The main limitation of bioprosthetic heart valves is still the limited tissue durability. Calcification of the glutaraldehyde-fixed tissue is, amongst other factors, one of the main reasons for biological valve failure over time, certainly when implanted in younger recipients. Both the valve industry and several research centers worldwide invest time and effort trying to improve the durability of biological valvular tissue, either by changes in valve design or in tissue treatments. Such new experimental valves or new treatments need to be evaluated in reliable animal models before a clinical application can be conceived. Current animal models of bioprosthetic tissue mineralization offer information at the moment of explantation of the tested sample. There is no information on the calcification status of the tissue during implantation. An animal model offering reliable and reproducible tissue mineralization with the possibility of noninvasive, in vivo evaluation (and quantification) of tissue mineralization would be a step forward.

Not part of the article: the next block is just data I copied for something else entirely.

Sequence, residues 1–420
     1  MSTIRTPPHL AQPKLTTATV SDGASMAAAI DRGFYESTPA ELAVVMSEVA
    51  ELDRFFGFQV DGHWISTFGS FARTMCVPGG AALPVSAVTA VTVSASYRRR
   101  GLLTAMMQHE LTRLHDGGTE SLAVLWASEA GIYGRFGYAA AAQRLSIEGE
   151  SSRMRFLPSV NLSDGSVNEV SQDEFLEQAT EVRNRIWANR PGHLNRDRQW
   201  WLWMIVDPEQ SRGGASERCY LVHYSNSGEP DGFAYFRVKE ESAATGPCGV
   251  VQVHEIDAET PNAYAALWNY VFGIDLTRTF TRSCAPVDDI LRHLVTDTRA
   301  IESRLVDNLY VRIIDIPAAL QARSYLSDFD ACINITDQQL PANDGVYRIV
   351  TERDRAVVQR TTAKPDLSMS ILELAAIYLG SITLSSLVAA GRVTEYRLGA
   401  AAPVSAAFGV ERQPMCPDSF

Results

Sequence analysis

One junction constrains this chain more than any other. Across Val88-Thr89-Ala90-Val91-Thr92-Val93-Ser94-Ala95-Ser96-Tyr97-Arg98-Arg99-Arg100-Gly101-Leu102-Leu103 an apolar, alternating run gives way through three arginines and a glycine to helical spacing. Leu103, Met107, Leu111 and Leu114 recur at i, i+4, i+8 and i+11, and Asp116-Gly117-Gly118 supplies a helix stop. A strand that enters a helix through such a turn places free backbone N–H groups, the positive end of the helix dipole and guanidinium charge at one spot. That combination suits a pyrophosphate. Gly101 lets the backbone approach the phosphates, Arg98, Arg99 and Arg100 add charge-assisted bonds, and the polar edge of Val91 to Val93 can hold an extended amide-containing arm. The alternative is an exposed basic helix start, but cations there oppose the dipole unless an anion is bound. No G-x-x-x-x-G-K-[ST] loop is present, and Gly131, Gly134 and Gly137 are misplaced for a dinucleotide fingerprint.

In this study, we evaluated the ability of high-resolution CT scanning to detect in vivo tissue mineralization in three known models of valvular tissue calcification. The RVOT model for implantation of stentless grafts or even homografts is known to produce important mineralization in the wall of the implanted conduits [2, 7]. This wall mineralization is a phenomenon observed clinically as well [9, 10]. Wall mineralization limits the use of stentless porcine valves in RVOT reconstructive surgery, and it is also known to be one of the factors involved in the degeneration of aortic and pulmonary homografts in that position. Our experience with the RVOT model clearly shows the degenerative modes in both stentless xenografts and homografts . The multislice CT scanning enables visualization and quantification of the distribution and extent of tissue mineralization in this model. A new valve design or new treatment aiming at reducing wall mineralization in a graft for RVOT reconstruction could be tested using this methodology. Cusp calcification, which is known to be still limited in these grafts at 5 months, was not visualized, but it would be feasible to expand the implant duration beyond 6 months or 1 year, to further study graft behavior and degeneration.